> > > I think inkjet and letterpress inks might work in either order, but anyone
        > > > using a laser printer should know that the intense laser printer heat will
        > > > melt and ghost rubber-based inks, and even oil-based inks if they are not
        > > > well dried. Van Son makes a Mega Laser soy ink, with driers, for use on
        > > > letterhead that will subsequently be printed on a laser printer. So if your
        > > > project involved a laser printer instead, that definitely should be done
        > > > before the letterpress work unless you use an ink that will not melt!
        > > > Your concerns are good. Best wishes,
        > > > Tom
        > > >
        > > > In a message dated 6/29/2010 10:03:48 P.M. Mountain Daylight Time,
        > > > heytrollop@ writes:
        > > >
        > > > Oh forgot to mention... I was using silver oil-based ink.
        > > >
        > > > --- In PPLetterpress@yahoogroups.com, "heytrollop" <heytrollop@> wrote:
        > > > >
        > > > > I've done postcards on matte photo paper and also on regular digital
        > > > photopaper. I did the inkjet printing first. With the matte...it's much like
        > > > any other paper. When I printed on Ilford premium pearl, it took a little
        > > > longer to dry. But it worked fine for both.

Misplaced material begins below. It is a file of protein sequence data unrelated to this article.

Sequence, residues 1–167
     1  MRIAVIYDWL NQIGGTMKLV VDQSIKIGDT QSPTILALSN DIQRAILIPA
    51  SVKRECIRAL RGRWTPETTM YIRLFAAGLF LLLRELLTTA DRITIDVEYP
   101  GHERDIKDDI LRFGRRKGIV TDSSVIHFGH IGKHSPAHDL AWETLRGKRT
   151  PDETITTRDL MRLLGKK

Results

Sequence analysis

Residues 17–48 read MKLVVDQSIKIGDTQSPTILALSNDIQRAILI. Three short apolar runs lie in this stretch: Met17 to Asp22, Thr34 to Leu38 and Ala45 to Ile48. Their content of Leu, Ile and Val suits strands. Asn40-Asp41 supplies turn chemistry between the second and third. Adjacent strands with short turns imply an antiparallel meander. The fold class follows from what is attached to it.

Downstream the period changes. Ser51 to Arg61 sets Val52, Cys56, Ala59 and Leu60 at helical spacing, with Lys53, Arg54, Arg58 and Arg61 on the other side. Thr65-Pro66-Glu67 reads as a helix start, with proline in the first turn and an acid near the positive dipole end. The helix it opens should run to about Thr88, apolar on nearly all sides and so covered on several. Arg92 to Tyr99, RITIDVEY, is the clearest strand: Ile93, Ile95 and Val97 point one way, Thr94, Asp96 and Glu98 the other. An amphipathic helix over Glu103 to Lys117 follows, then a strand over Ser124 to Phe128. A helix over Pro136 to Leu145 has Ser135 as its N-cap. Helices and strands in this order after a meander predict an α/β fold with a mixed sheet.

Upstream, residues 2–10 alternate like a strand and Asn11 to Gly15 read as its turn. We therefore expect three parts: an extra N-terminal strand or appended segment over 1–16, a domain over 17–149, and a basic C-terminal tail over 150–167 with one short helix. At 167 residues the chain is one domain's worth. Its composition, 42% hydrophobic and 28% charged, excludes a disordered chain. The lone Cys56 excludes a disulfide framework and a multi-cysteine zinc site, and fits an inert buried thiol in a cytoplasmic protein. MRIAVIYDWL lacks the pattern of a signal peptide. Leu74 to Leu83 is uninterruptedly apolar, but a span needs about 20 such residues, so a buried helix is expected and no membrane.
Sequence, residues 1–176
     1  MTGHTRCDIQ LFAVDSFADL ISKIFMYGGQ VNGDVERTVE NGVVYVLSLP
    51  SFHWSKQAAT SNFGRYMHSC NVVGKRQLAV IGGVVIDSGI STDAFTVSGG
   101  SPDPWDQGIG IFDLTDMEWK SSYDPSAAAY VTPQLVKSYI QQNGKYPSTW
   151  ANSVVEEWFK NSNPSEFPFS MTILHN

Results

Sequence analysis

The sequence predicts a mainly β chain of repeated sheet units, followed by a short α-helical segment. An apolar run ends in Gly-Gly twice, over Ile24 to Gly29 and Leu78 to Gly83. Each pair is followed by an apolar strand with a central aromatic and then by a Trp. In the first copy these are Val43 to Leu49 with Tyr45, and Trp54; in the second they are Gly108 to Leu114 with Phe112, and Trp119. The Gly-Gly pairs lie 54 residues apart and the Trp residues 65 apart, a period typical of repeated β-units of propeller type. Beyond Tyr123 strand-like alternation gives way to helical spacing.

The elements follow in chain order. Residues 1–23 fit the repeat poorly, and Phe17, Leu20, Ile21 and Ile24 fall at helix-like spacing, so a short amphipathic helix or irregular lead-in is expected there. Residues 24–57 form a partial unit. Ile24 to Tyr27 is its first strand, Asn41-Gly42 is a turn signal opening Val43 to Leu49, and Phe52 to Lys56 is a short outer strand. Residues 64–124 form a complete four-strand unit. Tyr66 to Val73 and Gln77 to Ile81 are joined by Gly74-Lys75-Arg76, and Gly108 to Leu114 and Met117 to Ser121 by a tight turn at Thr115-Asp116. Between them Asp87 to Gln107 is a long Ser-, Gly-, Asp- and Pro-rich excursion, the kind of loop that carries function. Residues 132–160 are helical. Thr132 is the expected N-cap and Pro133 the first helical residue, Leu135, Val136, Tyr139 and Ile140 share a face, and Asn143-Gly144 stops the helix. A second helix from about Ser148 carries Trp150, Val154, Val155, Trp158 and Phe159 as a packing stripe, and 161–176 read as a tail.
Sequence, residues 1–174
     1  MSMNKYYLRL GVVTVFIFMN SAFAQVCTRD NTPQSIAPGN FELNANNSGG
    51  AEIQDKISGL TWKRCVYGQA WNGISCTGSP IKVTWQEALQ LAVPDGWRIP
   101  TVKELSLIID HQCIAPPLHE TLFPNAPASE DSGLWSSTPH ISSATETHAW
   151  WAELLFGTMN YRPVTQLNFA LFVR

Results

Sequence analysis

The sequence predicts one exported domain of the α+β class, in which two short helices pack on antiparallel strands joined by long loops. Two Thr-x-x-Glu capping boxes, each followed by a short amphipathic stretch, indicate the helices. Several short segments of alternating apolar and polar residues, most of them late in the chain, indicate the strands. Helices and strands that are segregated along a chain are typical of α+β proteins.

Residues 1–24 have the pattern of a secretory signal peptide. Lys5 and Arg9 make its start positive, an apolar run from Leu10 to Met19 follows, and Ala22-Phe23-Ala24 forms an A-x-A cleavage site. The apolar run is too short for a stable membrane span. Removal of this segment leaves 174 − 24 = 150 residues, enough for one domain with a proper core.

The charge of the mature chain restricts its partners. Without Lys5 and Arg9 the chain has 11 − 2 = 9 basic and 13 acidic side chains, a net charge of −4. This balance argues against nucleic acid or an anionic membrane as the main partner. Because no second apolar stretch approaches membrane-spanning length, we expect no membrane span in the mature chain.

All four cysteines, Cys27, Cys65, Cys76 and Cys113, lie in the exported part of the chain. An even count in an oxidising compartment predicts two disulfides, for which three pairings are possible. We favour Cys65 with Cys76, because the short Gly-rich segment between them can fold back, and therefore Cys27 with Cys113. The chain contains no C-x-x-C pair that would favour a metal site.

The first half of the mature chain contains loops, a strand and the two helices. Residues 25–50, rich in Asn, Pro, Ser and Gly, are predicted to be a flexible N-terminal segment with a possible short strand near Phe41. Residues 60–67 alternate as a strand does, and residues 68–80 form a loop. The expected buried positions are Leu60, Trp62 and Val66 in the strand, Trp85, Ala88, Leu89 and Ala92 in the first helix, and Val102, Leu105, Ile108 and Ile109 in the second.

> > > >
        > > > > I think it's possible you might get a bit of image over the letterpress
        > > > work. But That's why I did the inkjet first.
        > > > >
        > > > > best,
        > > > > Raven
        > > > >
        > >
        > > I actually just finished a job that combined inkjet and letterpress printing. I
        > > printed the inkjet first since I thought it would be easier to adjust the
        > > registration on the Vandercook than on the Epson.
        > >
        > > Barbara
        > >
        > >
        > > > > --- In PPLetterpress@yahoogroups.com, "Yvon" <yal@> wrote:
        > > >
        > > > > > @bigwheel and @Jon
        > > >
        > > > > > I also have to inkjet graphics on postcards and do imprints with lead
        > > > type. Not planning on using such fancy stock as the Museo Rag but I'm also
        > > > curious to know if you'd do the imprints before or after the inkjet
        > > > printing. I always thought running the pre-printed inkjet paper through a proof
        > > > press would be easier than the other way around, as any oils from handling
        > > > while doing the letterpress might dangerously affect the quality of inkjet
        > > > printing, not to mention dirt or grime going through an inkjet printer after
        > > > the fact?
        > > > > > I'd love to get some insight from anyone who has successfully (or
        > > > not...) produced such a 2 part print project, on any paper and any press.
        > > > > > Thank you, Yvon
        > >
        >
      • William
        Hiya Raven, I figure that I m more likely to damage an inkjet image putting it into a press than a letterpressed piece through my Epson. Gloves are mandatory
        Message 3 of 5 , Jul 2, 2010
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          Hiya Raven,

          I figure that I'm more likely to damage an inkjet image putting it into a press than a letterpressed piece through my Epson. Gloves are mandatory no matter what.